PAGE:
Let’s Eat — A Writer’s Guide to Cooking

The following story is one I heard many times at our table and in the homes of relatives while I was growing up. If memory serves me correctly, I met the uncle in question when I was a child — although “met” is probably the wrong word. Let’s say I was “in his presence.” But the pleasure was short-lived. As is all too often the case, the adults talked, then we went home and I never saw him again. Fortunately, this has done nothing to diminish the influence he had on me.

The Art of Fasting

One of my father’s fabled great-great-uncles is said to have been a mystic. But as I understand it, he also possessed a practical side that he was unaware of and unable to keep concealed. For the most part Mihran was considered a joke — not an ordinary joke, but an indispensable and precious one. No one was ashamed of him, and no one tried to keep him hidden. On the contrary, his advice in spiritual matters was forever being sought out by members of the family.

Mihran filled the role of seer humbly and naturally. His answers, spoken in a high voice and accompanied with a twinkling in his eyes, were said to hold hidden meaning. They had to, because, taken at face value, they either contradicted each other or made very little sense. This, of course, is what made his advice so popular.

One story I remember in particular concerns Mihran’s fasting habits. His belief in the importance of fasting was well known. At the same time, so were his plump cheeks, rosy complexion, and ample belly. Still, Mihran maintained that food was hardly necessary, and claimed that if push came to shove, he could live on nothing more than sunlight and air. Owing to his spiritual nature, this scene wasn’t hard to imagine. His ability to sit in his patio for hours on end with his eyes closed was well documented.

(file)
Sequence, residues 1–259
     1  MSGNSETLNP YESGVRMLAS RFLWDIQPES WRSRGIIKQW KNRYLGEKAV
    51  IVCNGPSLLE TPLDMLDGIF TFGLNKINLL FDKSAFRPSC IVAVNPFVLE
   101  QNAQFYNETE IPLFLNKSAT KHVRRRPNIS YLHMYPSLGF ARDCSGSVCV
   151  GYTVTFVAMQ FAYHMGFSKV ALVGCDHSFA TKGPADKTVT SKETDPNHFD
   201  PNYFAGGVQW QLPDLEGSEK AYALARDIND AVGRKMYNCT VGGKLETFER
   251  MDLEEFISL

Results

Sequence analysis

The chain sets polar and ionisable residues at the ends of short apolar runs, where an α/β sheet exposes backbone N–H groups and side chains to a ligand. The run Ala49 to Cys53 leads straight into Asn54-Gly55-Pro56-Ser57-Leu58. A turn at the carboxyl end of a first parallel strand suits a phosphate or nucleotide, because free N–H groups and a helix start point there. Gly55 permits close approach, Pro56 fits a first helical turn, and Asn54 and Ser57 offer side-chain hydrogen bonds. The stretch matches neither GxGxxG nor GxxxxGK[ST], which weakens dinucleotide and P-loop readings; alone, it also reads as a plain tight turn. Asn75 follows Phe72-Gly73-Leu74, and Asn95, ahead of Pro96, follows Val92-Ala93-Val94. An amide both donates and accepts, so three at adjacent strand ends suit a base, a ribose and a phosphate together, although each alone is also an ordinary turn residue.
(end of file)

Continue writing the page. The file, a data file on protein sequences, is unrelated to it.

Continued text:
But as everyone knows, fantastic claims need to be questioned. And so it came to pass that a certain bold and comedic nephew one day challenged Mihran’s assertion. “Uncle,” he said, “certainly you don’t mean sunlight and air only. What about water?”

And the great mystic replied, “A small amount of water, of course, is permitted. When I said that I could live on sunlight and air, I was fully aware of the fact that air itself contains moisture. Usually, this is enough. But if it is one hundred degrees in the shade, only a fool would pass up a glass of water.”

“I see,” his nephew said. “Sunlight, air, and a little water. But wouldn’t it also be wise to consume a few crumbs of bread, at least to keep the stomach from shrinking?”

“Bread,” Mihran replied after a moment’s thoughtful silence, “is harmless in small amounts. After all, if not for sunlight, air, and water, bread would not exist.”

“Couldn’t the same thing be said for cheese?” his nephew said, perhaps a little too quickly.

“Of course,” Mihran replied, raising an eyebrow. “Look about you. Bread and cheese are inseparable, just as members of one’s family are inseparable, as well as all living things. I have no argument against eating a little bread and cheese.”

For a long, serene moment, the two sat looking at each other. Then, one by one, the nephew queried Mihran about other food items, ranging anywhere from raisins to traditional home-baked delicacies. Unperturbed, Mihran made exceptions in each and every case.

“And what of spring lamb?” his nephew finally wondered aloud.

“If prepared correctly,” Mihran said with obvious interest, “and with the right amount of garlic, spring lamb is truly an offering to the gods. Who can be offended by such a sacred feast?”

“No one,” his nephew replied. “No one at all.”

Mihran smiled. “Then you understand?” he said.

“Yes,” the nephew said, allowing his eyes to rest briefly on his uncle’s stomach. “I think I’m beginning to see the wisdom in fasting. It is a matter of attitude more than a strict code of rules. Thank you for explaining it to me.”

“Think nothing of it,” Mihran said, rising to his feet. “You are young and in a position to learn. I am old and in a position to know. Now, come. Let us have lunch.”

Also by William Michaelian

Winter Poems

ISBN: 978-0-9796599-0-4
52 pages. Paper.
Another Song I Know
ISBN: 978-0-9796599-1-1
80 pages. Paper.
Cosmopsis Books
San Francisco

Signed copies available

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